MEXICO CITY — Thousands of Central American migrants were back on the move Saturday, as dedicated Mexico City metro trains whisked members of a caravan headed to the U.S. border to the last stop on a line in the northern part of the capital.
The first subway train pulled out before 5 a.m. local time, with police, metro workers and human rights officials guiding the bulk of migrants through the city’s empty stations. At the Line 2 terminus, they then got out and began making their way to a main highway to resume walking and hitchhiking through Mexico.
Jose Enrique Ramirez, 40, snagged seats for himself and his 10-year-old son on the first departing train.
“I’m happy,” he said, about being on the road once again.
He said another son had been killed in Honduras and he was receiving threats when he heard about the caravan.
He now joins roughly 4,000 migrants who plan to proceed first to the city of Queretaro — a state capital 124 miles (200 kilometres) to the northwest — and then possibly to Guadalajara, Culiacan, Hermosillo and eventually Tijuana on the U.S. border.
Whereas in Mexico’s tropical south they carried tiny knapsacks with bare essentials, however, their belongings had swelled notably during their time in Mexico City.
Many are now hauling bundles of blankets, sleeping bags and heavy clothing to protect against colder temperatures in the north. Some left the capital with bottles of water and clear plastic bags of bananas and oranges for the long trek ahead.
Juan Jose Ramirez, a 35-year-old farm worker, said he left two kids behind in Santa Rosa, Honduras, and his goal was to find work in the U.S.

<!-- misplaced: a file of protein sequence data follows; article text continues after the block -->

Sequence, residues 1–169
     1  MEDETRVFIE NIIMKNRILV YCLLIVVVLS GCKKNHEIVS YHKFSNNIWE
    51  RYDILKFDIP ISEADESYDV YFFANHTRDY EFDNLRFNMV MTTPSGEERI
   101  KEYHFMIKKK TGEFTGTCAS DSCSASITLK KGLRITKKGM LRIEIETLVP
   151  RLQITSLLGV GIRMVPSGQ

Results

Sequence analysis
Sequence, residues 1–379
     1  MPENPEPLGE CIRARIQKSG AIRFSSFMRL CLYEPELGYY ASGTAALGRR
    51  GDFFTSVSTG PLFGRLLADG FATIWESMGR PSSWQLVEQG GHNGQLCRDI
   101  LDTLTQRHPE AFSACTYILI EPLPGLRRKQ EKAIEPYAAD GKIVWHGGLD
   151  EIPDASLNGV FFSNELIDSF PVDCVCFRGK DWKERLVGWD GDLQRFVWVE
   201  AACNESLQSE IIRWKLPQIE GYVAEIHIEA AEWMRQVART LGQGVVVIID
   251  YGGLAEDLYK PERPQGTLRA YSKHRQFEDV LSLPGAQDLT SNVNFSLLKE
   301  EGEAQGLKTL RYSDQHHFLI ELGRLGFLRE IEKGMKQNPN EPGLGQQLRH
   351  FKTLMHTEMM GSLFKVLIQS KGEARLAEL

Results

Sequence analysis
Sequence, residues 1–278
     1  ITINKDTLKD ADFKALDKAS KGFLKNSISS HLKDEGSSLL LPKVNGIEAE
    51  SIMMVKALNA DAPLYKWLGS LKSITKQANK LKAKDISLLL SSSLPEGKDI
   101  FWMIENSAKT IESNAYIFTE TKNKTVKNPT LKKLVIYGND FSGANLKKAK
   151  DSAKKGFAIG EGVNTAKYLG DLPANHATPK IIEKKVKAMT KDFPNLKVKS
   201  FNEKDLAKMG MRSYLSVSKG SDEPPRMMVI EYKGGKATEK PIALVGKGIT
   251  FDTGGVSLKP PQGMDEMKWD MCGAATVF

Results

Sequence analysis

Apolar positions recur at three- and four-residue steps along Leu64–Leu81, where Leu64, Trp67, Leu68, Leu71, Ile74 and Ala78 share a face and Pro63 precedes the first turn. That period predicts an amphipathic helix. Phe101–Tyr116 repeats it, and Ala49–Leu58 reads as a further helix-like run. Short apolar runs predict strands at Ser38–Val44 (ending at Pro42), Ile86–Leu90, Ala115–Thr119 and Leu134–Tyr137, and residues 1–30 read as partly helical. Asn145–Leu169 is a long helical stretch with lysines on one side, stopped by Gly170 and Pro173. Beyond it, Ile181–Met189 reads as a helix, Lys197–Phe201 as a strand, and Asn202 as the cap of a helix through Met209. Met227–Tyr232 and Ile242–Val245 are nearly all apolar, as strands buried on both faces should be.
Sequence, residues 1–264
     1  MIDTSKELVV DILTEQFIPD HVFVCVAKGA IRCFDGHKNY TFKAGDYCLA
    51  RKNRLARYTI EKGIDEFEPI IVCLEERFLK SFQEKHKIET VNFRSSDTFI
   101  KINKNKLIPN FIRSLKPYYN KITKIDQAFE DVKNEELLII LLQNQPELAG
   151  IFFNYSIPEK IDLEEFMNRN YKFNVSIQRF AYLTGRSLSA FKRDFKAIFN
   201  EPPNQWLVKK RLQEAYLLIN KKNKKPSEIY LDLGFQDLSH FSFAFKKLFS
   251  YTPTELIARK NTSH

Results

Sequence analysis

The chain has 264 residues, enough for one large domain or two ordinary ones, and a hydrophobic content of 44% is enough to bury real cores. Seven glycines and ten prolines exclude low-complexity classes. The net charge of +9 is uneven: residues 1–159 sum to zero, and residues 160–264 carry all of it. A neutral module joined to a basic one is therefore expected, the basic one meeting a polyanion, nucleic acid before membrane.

Walking through a subway station he said it was important to be orderly because eyes were on them in Washington.
He also had a simple plan: He would get to the border and “wait for an answer from Trump,” he said.
The caravan became a campaign issue in U.S. midterm elections and U.S. President Donald Trump has ordered the deployment of over 5,000 military troops to the border to fend off the migrants. Trump has also threatened to make attaining asylum even more difficult and to detain applicants in tent cities.
But the longest and most dangerous leg of the journey is still ahead.
On Thursday, caravan representatives met with officials from the local United Nations office and demanded buses to take them to the border, saying the trek would be too hard for walking and hitchhiking. A day later, the U.N. denied the offer, saying its agencies were “unable to provide the transportation demanded by some members of the caravan.”
The migrants said they were so angry at the lack of help that they no longer wanted U.N. observers with the caravan, and they again set out on foot.
Mexico City is more than 600 miles from the nearest U.S. border crossing at McAllen, Texas, but the area around the Mexican border cities of Reynosa, Matamoros and Nuevo Laredo is rife with drug gangs and the migrants consider it too risky. While still perilous, the route to California is thought to be safer.
A previous caravan in the spring opted for the longer route to Tijuana in the far northwest, across from San Diego. That caravan steadily dwindled to only about 200 people by the time it reached the border.
Mexico has offered refuge, asylum or work visas to the migrants, and its government said 2,697 temporary visas had been issued to individuals and families to cover them while they wait for the 45-day application process for a more permanent status.
But most migrants vow to continue to the U.S.
Giselle Owen, a 15-year-old from San Pedro Sula, Honduras, belted out romantic ballads as the day’s journey got underway.
“It relaxes me and I feel like I don’t get tired,” she said. “I can walk hours singing.”
Others were already receiving rides from friendly Mexicans.
Angelica Martinez saw David Rodriguez pushing his friend Rafael Peralta of San Pedro Sula, Honduras down the side of the highway in a wheelchair.
She stopped in a lane of the highway to load the two migrants and the wheelchair into her small Volkswagen hatchback and said she would take them as far as she was going up the road.
Associated Press writer Maria Verza contributed to this report.
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